31 July 2007
Location:off Key Largo Florida
I had the opportunity to read Dr. Bob Cowen's research proposal today and I wanted to try to simplify and share some of the significance of his team's research with you. The oceans are impacted by over harvesting, pollution and many other influences. These impacts not only reduce the numbers of commercial species (stuff we eat) but also the overall biodiversity of the oceans. Creating marine reserves, protected areas of the ocean, are a way of conserving marine resources. In order to decide which marine areas to protect, it's important to know how the populations in these areas are connected to other populations. In other words, where do the larval recruits (babies) come from and where do the recruits settle and live? This study focuses on the coral reef fishes and, by understanding the physical oceanography of the region (currents, etc.), will try to predict where the young reef fish come from and where they eventually live. So we will learn how connected these fish populations are. Do the fish upstream supply the reefs downstream? And if they do, how far do they travel? Many questions arise. You may think of a few questions yourself...
Took advantage of the quiet at the end of the day to interview the crew on the bridge as we steamed back towards the Keys to anchor for the night. Capt. Sean Lake keeps his eyes on the water as he relates some of the jobs he took leading to his present job at the helm of the R/V Walton Smith. Included are driving tugboats on the Alabama River, sailing traditional schooners along the coast of Maine and working on cargo vessels then sailing vessels in the Caribbean. He shared a sea story when the R/V Walton Smith was rolling in 15' seas during tropical storm Tiffany and took a wave so powerful it bent the stern bulwarks. They showed me the damage.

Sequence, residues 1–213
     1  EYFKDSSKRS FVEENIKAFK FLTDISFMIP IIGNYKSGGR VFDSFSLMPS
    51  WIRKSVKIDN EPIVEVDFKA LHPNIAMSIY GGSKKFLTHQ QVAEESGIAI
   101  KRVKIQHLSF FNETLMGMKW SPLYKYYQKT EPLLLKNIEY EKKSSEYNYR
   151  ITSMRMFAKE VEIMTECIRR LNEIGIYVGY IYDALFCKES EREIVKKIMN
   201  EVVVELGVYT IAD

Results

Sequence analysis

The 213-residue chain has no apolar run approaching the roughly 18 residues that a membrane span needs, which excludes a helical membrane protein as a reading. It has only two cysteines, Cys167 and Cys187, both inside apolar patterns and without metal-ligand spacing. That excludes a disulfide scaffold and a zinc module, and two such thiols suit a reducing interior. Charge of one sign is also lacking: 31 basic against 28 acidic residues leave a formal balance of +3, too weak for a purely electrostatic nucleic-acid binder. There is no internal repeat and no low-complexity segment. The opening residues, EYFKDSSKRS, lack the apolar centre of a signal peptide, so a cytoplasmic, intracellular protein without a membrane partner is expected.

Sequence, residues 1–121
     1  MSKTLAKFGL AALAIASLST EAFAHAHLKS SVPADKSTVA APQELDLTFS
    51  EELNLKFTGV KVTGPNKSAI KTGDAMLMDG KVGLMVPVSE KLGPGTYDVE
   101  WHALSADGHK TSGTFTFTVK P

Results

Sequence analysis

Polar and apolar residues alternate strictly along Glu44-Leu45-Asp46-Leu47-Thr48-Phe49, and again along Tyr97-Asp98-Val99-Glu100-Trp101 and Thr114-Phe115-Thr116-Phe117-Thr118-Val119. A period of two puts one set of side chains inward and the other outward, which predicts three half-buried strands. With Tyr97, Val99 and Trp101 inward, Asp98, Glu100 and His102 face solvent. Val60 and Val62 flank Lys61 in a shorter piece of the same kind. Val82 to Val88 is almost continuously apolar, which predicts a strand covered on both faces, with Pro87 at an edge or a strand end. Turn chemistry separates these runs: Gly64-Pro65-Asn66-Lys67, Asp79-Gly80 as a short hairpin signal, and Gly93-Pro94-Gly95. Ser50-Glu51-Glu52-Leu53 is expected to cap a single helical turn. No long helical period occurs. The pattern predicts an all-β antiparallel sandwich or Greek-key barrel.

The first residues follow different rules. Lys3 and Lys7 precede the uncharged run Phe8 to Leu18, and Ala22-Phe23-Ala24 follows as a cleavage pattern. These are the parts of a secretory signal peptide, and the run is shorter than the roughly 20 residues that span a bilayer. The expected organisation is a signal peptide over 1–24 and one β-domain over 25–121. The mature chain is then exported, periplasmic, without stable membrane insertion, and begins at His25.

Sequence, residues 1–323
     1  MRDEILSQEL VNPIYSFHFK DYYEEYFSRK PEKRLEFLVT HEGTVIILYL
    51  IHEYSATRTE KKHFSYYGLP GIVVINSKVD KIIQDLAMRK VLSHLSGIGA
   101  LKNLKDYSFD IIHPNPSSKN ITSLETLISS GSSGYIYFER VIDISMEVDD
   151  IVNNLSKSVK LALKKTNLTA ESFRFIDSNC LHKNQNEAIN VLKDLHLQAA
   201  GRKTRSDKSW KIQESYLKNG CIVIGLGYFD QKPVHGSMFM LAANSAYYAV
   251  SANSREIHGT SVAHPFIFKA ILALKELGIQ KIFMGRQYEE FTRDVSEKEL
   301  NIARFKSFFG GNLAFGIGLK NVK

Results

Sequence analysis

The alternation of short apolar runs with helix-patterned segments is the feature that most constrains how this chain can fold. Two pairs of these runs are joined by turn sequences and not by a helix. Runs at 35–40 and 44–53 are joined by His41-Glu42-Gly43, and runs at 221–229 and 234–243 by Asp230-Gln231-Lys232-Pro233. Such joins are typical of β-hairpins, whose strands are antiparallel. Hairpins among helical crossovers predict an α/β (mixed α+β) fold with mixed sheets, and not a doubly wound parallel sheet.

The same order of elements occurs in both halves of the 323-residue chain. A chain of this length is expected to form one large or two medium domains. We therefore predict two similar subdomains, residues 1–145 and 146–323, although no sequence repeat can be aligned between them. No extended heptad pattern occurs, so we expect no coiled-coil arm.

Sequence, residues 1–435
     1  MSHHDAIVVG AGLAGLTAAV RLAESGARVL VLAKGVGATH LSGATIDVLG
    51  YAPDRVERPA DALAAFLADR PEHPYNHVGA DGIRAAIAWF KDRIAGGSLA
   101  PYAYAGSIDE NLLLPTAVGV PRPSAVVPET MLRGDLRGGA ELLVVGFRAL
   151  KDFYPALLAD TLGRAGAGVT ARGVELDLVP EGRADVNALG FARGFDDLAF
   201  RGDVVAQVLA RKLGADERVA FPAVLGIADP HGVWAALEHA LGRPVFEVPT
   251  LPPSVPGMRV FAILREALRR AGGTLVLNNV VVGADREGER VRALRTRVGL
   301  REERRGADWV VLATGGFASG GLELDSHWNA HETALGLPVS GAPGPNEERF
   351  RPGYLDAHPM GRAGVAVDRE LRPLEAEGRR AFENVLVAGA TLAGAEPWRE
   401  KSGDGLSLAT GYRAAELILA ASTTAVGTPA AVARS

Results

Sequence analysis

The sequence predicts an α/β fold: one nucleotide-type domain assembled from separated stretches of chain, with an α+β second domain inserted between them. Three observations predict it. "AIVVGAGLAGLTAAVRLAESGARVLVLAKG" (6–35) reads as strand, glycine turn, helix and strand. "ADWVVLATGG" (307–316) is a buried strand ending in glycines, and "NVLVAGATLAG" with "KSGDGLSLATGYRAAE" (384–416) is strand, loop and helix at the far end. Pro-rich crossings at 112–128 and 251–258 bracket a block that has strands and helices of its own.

First Mate John Vanilla has enjoyed boats all is life. He shuttled crews out to oil rigs off Louisiana before joining this vessel. He likes his job, saying the work is always different and interesting and it's closer to home. He had been in some bad storms and mentioned that he just missed Hurricane Katrina as his boss offered him triple pay to come back to the Gulf. John smiled and said with an easy laugh, "No way." By the way, John is a pretty good card player.
Andy Exum worked as deck hand onboard this vessel 3 years ago, then U. Miami supported him getting his license, and now he works as engineer. His family always had boats when he was growing up and he sailed Hobie Cats as a kid. Andy's sea story related how, as mate of a 100' schooner, his vigilance kept the vessel from coming ashore after losing its anchor in Bimini. I met Andy carrying a 30lb. jack fruit onboard - now that's a big fruit.
We passed by the support buoy for the Aquarius underwater habitat this morning where scientists can live underwater and conduct marine research. At the shore stations, we deployed the shallow frame net and conducted double oblique tows to sample the plankton in the water column. In between stations, we looked at some neat invertebrates, ex. crab zoea with colorful guts of red, green or yellow, also colorful was the barbershop shrimp with broad red bands and long appendages. More tomorrow...